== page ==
Germany: Forced into strategic moves
Occupational pension funds are adapting their investment strategies to continuing low-interest rates and the impending IORP Directive. Nina Röhrbein reports
Two main factors are driving the investment strategies of the occupational pensions sector in Germany – the ongoing low interest rate environment, and the impending Solvency II insurance regulation and the related IORP II Directive.
Thomas Huth, responsible for pension solutions at Deutsche Asset & Wealth Management, notes that most defined benefit pension arrangements suffered a reduction in funding status of 6-8% in 2012, due to an increase in their non-hedged liabilities.
Risk budgeting and cash-flow matching
“Since then, awareness of liability risk has increased, but now that interest rates have probably reached their lowest point, further hedging against falling rates no longer makes sense,” Huth says. “However, there are enough other risk factors – such as inflation, credit and longevity – that can and probably should be hedged, which is why LDI strategies are spreading.”
Jörg Ambrosius, CEO of State Street Bank in Munich recognises the importance of cash-flow management. “Occupational pension vehicles are looking for assets that generate a steady cash flow,” he says. “Those delivering greater diversification and hedging are preferred. To create such hedges, derivatives play a more crucial role than they ever did in the past. In that respect, the German pension market is catching up with the previously more advanced investment strategies of the Netherlands, Switzerland and the UK, in line with national legislation.”
If restrictions were lifted, according to a survey by the German investment funds association BVI and Kommalpha (see page 43), German Spezialfonds would invest twice as much in equities and two-and-a-half times as much in real estate as they currently do, increasing exposure from 12% to 24% for equities and from 6% to 14% for property.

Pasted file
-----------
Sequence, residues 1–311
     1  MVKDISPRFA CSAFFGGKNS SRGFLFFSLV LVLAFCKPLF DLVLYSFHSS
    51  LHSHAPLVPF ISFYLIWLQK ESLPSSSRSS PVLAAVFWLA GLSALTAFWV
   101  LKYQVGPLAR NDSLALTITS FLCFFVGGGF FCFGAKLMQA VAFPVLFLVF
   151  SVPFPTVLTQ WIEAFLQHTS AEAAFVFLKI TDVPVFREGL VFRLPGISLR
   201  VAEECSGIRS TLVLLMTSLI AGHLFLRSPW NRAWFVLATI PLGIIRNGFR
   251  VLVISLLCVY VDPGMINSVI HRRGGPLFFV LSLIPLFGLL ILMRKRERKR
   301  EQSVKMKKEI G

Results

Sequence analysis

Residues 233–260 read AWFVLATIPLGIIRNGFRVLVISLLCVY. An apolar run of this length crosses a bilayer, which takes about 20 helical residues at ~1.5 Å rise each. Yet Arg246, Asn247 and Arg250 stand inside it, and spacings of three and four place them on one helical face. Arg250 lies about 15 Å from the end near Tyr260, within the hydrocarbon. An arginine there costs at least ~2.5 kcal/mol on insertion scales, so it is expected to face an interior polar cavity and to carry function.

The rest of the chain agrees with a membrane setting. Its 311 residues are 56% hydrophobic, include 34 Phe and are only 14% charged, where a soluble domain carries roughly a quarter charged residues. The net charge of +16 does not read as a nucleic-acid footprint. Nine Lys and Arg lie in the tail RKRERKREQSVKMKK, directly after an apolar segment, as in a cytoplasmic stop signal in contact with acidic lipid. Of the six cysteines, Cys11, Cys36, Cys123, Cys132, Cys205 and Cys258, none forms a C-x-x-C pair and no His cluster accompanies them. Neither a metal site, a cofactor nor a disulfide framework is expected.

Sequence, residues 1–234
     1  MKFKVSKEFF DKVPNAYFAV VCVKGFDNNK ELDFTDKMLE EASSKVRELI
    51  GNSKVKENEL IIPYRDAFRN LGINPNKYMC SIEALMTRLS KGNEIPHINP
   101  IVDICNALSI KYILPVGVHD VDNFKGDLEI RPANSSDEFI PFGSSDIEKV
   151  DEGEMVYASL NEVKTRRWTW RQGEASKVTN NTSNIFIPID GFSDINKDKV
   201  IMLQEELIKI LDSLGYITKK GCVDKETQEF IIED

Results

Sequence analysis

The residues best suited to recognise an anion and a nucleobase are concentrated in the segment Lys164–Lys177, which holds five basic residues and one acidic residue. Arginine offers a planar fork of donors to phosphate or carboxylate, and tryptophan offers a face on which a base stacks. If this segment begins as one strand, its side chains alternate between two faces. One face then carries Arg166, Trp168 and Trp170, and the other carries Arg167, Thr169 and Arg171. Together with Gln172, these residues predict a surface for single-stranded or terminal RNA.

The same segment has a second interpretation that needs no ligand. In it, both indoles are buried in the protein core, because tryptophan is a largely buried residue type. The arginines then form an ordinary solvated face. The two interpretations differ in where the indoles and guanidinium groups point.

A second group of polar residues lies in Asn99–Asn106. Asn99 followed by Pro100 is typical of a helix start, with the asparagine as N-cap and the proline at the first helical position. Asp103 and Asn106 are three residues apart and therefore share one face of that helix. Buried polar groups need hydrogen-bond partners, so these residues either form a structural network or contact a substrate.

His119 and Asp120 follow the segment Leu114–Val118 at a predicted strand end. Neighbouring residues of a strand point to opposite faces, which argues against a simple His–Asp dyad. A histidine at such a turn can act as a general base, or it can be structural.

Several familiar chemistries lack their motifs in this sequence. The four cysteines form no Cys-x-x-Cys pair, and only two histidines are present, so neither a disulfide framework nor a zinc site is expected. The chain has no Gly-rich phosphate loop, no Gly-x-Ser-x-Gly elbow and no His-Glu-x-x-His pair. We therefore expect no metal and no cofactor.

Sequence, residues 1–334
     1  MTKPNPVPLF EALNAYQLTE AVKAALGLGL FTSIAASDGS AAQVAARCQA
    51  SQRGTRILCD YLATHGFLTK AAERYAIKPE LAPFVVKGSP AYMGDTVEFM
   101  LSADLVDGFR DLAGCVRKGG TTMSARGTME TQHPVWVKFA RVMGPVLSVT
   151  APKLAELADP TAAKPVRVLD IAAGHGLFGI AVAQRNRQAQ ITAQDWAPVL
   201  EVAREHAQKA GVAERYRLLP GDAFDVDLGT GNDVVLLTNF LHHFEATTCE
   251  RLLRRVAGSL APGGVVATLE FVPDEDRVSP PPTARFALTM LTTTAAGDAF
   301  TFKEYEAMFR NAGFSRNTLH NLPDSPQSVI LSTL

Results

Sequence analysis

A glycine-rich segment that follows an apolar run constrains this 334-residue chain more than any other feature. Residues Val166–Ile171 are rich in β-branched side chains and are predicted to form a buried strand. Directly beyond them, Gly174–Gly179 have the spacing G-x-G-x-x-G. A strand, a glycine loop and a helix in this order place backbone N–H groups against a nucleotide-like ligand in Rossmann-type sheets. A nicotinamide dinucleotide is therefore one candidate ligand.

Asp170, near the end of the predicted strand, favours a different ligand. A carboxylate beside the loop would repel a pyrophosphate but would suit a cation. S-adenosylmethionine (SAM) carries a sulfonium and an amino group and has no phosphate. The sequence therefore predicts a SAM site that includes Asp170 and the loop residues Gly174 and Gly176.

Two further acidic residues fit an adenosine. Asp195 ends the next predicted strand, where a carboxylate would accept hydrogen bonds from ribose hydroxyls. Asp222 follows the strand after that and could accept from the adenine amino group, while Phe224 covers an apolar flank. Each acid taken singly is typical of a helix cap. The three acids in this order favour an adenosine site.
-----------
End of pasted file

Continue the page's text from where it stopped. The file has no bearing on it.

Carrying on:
Bonds, on the other hand, would be sharply reduced from 61% to 41%. Sovereign bonds and Pfandbriefe would suffer particularly. The majority of occupational pension funds’ investments are currently invested through Spezialfonds.
“German pension funds do not dare to buy property at the moment because they will struggle to sell it on once Solvency II comes into force,” says Thomas Richter, CEO at the BVI. “Equities cannot be held at the desired level due to the 25-49% of net assets they are required to hold as reserves under Solvency II, although the current equity level of insurers could legally be much higher than the 3-4% as it currently stands.”
Others see a change of investor regime. Carlos Böhles, head of institutional business at Schroders in Germany, says the industry is entering a new phase in which risk is being redefined. “Institutional investors have been forced to make new moves in asset allocation. Corporate credits, however, remain the greatest area of interest to them,” he says.
Böhles has witnessed more requests for proposals for global, European and emerging markets equities recently than in the last few years. Exposure to emerging markets continues to grow in popularity, specifically in Asia, although there is now the risk of a bubble in those markets.
“There is no alternative as far as investments are concerned,” Böhles adds. Schroders’ clients are split – some have moved out of emerging market bonds in the belief the 10-15% returns of the recent past cannot be repeated, while others are encouraged to remain invested in fixed income in those markets and diversify even further by moving into emerging market corporate credit, for example.
Bond portfolios, in particular, look very different today than they did a few years ago, Böhles says. They are better diversified and investors increasingly hold absolute return strategies.
A step ahead of Solvency II
Many Pensionskassen, direct insurance and Pensionsfonds have already changed their asset allocation to reduce risk and prepare for Solvency II, according to Oliver Bilal, head of distribution for Germany at Pioneer Investments. In other words, they hold less equity, more sovereign bonds and more investment grade corporate bonds.